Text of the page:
When I last talked to Franklin Augustus the occasion was a party to commemorate the life of a minority pilot who perished while flying.

Augustus was the pilot of the two person aircraft in which he and news anchor Nancy Parker were killed last Friday. I had the fortune, and ultimately the heartbreak, to know both. My conversation with Augustus was this past July 2, a date that is remembered for the 1937 disappearance of Amelia Earhart somewhere over the Pacific Ocean. She too was at the controls of a two person aircraft.

It is relevant to the story to say that Augustus was black because he was proud to be one of his race who had his own airplane and who, as he boasted, was among the world’s few black stunt pilots. He was also proud of black aviation history, particularly the Tuskegee Airmen – the heralded all-black flying squad that distinguished itself during World War II. Augustus was a next generation pilot who cherished the stories of the war time aviators.

On that July night, a Metairie couple with a fondness for aviation staged a party. Earhart’s disappearance is so distanced by time that the atmosphere was festive including a group singalong to Kinky Freeman’s folk piece about Earhart’s flight:

There’s a beautiful, beautiful field
Far away in a land that is fair
Happy landings to you, Amelia Earhart
Farewell, first lady of the air

I now wonder if Augustus felt some sort of kinship with Earhart, who, like him, was among the few of his particular minority to sit behind the controls. He obviously felt a link to the Tuskegee pilots. That night he talked to me about wanting to glorify the memory of the group. He was hoping for a documentary, a book, at least a magazine article. Our discussion ended in an agreement to meet soon. That was the last time I talked to him.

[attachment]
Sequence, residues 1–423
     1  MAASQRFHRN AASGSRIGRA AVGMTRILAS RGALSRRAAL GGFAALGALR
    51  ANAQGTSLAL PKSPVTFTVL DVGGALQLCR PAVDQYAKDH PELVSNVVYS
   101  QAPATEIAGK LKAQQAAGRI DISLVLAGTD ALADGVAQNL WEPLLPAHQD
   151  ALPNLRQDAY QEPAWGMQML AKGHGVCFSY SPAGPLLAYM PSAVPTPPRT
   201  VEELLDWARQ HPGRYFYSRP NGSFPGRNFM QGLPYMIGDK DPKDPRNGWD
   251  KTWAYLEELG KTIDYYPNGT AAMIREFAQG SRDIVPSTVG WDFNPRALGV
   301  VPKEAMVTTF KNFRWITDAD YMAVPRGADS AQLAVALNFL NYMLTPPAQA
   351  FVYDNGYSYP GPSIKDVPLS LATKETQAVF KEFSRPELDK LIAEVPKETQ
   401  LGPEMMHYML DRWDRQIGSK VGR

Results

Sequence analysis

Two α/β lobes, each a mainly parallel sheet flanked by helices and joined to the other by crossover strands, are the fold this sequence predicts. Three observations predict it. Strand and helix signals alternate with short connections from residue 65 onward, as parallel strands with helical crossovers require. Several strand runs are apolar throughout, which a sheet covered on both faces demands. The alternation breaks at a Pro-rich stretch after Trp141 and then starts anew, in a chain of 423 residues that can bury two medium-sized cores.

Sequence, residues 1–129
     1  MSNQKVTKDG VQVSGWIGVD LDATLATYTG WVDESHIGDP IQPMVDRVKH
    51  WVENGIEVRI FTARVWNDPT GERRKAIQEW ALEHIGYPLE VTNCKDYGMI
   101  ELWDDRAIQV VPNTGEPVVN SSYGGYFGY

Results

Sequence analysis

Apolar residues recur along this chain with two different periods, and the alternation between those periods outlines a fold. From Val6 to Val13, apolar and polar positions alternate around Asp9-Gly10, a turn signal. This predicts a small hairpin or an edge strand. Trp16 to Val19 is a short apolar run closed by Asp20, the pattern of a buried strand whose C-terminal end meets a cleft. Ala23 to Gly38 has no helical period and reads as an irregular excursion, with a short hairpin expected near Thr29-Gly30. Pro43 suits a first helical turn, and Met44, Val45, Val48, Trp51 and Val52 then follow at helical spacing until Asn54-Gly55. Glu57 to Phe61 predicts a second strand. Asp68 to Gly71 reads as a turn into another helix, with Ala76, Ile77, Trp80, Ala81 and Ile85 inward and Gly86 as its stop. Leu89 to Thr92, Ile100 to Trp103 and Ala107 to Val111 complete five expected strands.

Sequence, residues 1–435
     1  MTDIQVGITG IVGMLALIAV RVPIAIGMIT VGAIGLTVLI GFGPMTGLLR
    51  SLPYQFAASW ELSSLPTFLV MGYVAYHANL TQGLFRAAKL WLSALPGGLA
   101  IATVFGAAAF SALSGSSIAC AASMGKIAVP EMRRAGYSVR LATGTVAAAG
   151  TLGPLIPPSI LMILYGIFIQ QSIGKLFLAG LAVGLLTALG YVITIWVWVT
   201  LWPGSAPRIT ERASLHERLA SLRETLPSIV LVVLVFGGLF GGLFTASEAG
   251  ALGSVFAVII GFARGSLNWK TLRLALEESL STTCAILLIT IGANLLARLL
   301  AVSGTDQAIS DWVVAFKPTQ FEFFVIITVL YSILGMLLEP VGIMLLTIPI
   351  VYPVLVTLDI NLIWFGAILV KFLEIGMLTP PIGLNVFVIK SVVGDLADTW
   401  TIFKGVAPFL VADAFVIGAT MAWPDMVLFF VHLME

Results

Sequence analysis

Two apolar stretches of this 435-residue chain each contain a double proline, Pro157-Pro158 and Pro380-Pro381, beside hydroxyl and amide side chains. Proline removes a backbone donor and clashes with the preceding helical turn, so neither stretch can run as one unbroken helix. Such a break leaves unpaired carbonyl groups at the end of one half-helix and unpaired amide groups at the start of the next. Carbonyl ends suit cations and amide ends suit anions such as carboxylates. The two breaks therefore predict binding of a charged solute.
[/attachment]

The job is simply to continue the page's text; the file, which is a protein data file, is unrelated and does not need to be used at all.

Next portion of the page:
My last conversation with Nancy Parker was also about books. At the time she was working on a children’s’ publication and was looking for how-to information. All the superlatives spoken about her are true. Both Parker and Augustus were interested in children’s causes including dissuading youth violence. They were both special people.

Fox 8 News faced an impossibly difficult task last Friday and handled it with dignity. Situation: What do when reporting about a horrible accident and you know that a victim is one of your own, but nothing has been verified? Protocol demands some sort of official conformation before revealing the names of victims. Shortly after the accident at 3 p.m. the WVUE newsroom knew that Parker was a passenger and that there were no survivors. Yet the early reporting could only talk about the accident without the details. In a live report from the crash site veteran reporter Rob Masson showed true professionalism as he calmly reported about the incident but could not make any revelations. He did his job well though anyone who knew what had happened could tell that he was aching inside.

A mutual friend told me how excited Augustus had been because Parker was interested in his story and was going to go flying with him. If only the story could have continued.




BOOK ANNOUNCEMENT: Errol’s Laborde’s books, “New Orleans: The First 300 Years” and “Mardi Gras: Chronicles of the New Orleans Carnival” (Pelican Publishing Company, 2017 and 2013), are available at local bookstores and at book websites.